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  • Dean Jackson

    In one of the many senseless campaigns fought on the Western Front, the Cambrai campaign (20 November 1917 – 7 December 1917) witnessed more than 44,000 casualties, including 7,000 servicemen of the United Kingdom and South Africa dying for zero ground claimed. That 44,000 casualty figure should have been used instead for the more critical campaign against the Bolsheviks in Petrograd, resulting in the re-entry of Russia into the war, thereby sparing the exhausted Allies the prospect of facing (1) thirty German divisions previously deployed against Russia on the Eastern Front; (2) Austro-Hungarian divisions freed from the Russian Western Front; and (3) Ottoman divisions freed from the Caucasus Campaign. In fact, a 60,000 strong Allied military unit was already in Russia (the Ukraine) at the time–the Czechoslovak Legion–and could have been used to overthrow the Bolsheviks if the Allied powers so wished. Instead, the Czechoslovak Legion was sent on a 6,000 mile odyssey across Russia, its destination Vladivostok on the Pacific coast for passage back to Europe and the war, instead of sending the legion 700 miles due north to Petrograd and collapse the Bolshevik coup. The politicians of the West were doing all they could to (1) protect the fledgling Bolshevik regime in Petrograd; while (2) sabotaging every opportunity to immediately get Russia back into the war before the Bolshevik position had strengthened throughout Russia. Only when the position of the Bolsheviks was relatively secure would the Allied powers mount campaigns to supposedly overthrow the Bolsheviks (North Russia Intervention and Siberian Intervention), campaigns that were sure to fail due to the lackluster number of soldiers assigned to both missions (though the Japanese contingent of 70,000 soldiers deployed to the the Siberian Intervention is a minimum number one would expect from the combined American, British and French contingent, whose actual total complement registered an anemic 10,250 soldiers up against 600,000 Bolsheviks) and the remote locations for the soldiers’ landings–Archangel (British, French, Italian and American), Murmansk (British, French, Italian and American) and Vladivostok (American, British, French, Canadian, Italian, Polish, Chinese and Japanese)–far from the Bolshevik’s Command and Control center located in Petrograd (Saint Petersburg), where too the Bolshevik’s leadership (Central Committee) is located.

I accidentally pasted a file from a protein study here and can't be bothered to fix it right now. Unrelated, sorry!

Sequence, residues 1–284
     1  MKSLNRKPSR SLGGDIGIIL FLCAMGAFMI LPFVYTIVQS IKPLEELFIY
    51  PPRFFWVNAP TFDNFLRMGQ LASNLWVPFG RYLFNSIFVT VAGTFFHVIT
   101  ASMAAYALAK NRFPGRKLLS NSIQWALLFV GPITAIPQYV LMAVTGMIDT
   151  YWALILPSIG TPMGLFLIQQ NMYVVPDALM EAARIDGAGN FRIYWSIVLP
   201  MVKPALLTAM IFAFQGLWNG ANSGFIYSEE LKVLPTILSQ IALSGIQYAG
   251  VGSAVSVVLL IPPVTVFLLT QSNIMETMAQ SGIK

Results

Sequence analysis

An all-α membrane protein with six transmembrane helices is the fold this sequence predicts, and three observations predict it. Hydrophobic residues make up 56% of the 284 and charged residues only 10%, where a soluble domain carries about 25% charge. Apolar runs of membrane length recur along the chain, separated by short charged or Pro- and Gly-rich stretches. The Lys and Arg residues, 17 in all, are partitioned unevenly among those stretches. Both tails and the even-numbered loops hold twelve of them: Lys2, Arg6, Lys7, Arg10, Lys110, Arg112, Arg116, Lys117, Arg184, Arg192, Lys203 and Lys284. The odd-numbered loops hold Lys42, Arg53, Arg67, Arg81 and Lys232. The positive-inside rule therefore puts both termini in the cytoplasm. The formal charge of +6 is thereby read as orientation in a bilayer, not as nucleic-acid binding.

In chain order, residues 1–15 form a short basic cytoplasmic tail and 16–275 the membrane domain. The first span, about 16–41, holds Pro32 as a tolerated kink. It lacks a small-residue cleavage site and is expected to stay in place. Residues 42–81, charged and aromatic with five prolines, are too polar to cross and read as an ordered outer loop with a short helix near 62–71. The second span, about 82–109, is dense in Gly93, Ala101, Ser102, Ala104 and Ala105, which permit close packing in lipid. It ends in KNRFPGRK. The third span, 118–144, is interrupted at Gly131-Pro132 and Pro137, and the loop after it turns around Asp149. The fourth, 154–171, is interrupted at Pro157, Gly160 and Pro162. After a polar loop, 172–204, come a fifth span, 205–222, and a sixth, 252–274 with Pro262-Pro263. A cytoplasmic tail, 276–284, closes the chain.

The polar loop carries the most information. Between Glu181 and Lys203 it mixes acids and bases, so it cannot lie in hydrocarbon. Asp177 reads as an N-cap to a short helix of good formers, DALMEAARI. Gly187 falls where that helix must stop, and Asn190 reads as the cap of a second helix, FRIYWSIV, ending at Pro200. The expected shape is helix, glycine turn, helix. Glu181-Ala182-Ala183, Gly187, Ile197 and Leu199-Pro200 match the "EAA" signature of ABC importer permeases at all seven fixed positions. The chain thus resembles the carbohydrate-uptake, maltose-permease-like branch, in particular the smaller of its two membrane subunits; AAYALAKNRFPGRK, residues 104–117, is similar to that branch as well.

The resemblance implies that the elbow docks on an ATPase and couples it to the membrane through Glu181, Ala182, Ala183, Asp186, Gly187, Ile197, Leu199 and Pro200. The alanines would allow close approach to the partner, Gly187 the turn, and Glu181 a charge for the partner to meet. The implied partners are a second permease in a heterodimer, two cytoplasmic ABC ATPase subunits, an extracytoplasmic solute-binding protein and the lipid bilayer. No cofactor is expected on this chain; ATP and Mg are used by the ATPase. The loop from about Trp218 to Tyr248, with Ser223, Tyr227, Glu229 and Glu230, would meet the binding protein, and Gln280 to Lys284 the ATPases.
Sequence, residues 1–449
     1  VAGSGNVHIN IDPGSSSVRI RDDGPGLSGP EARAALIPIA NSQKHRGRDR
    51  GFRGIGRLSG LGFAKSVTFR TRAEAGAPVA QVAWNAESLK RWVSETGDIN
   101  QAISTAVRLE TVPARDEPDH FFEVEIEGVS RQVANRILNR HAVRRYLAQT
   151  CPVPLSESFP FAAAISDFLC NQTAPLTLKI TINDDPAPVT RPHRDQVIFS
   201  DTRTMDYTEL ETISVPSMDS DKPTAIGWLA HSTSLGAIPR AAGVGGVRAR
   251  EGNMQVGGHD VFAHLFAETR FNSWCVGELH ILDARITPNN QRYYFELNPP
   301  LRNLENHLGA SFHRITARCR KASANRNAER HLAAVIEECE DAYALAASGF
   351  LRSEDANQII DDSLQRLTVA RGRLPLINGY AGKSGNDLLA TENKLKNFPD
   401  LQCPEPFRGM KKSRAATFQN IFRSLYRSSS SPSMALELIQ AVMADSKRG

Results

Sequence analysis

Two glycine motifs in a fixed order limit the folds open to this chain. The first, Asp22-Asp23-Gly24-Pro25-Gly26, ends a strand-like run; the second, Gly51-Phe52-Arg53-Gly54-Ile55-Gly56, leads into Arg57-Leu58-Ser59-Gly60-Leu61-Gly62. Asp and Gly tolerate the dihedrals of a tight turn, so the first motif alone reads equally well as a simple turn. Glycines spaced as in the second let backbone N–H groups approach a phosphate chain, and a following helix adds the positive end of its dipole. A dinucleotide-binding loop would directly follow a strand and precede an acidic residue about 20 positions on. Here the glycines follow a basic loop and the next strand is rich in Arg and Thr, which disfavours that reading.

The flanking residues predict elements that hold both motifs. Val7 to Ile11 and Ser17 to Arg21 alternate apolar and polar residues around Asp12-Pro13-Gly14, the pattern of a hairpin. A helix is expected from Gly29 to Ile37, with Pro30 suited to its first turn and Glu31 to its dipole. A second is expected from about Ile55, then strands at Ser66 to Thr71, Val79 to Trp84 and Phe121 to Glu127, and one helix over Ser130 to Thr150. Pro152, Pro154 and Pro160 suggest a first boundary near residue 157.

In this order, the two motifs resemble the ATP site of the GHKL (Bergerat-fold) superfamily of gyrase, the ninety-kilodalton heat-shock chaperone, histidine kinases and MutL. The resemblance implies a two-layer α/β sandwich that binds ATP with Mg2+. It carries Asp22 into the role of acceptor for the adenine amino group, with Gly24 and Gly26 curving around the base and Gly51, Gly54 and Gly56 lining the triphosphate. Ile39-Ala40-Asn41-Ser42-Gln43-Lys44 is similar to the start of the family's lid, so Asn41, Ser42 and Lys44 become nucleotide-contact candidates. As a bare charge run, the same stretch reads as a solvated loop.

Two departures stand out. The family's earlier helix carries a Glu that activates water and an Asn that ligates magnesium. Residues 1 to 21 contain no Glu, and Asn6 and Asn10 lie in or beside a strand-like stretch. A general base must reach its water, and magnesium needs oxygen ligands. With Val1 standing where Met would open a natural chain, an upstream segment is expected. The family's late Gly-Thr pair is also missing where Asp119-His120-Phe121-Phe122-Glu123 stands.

The following is a discovery I made in May regarding the fake collapse of the USSR, and what that fraudulent collapse proves about the institutions of the West…

    When Soviet citizens were liberated from up to 74 years of horrific Marxist oppression on December 26, 1991 there were ZERO celebrations throughout the USSR, proving (1) the ‘collapse’ of the USSR was a strategic ruse; and (2) the political parties of the West were already co-opted by Marxists,* otherwise the USSR (and East Bloc nations) couldn’t have gotten away with the ruse.

    ZERO celebrations, as the The Atlantic article inadvertently informs us…

    For more on this discovery see my blog…


    The West will form new political parties where candidates are vetted for Marxist ideology, the use of the polygraph to be an important tool for such vetting. Then the West can finally liberate the globe of vanguard Communism.


    * The failed socialist inspired and controlled pan-European revolutions that swept the continent in 1848(1) thought Marxists and socialists a powerful lesson, that lesson being they couldn’t win overtly,(2) so they adopted the tactic of infiltration of the West’s political parties/institutions. In the case of the United States…(continue reading at DNotice)…

    Now you know why not one political party in the West requested verification of the collapse of the USSR, and the media failed to alert your attention to this fact, including the “alternative” media. When determining whether the “former” USSR is complying with arms control treaties, what does the United States do to confirm compliance? Right, the United States sends into the “former” USSR investigative teams to VERIFY compliance, yet when it’s the fate of the West that’s at stake should the collapse of the USSR be a ruse, what does the United States do to confirm the collapse? Nothing!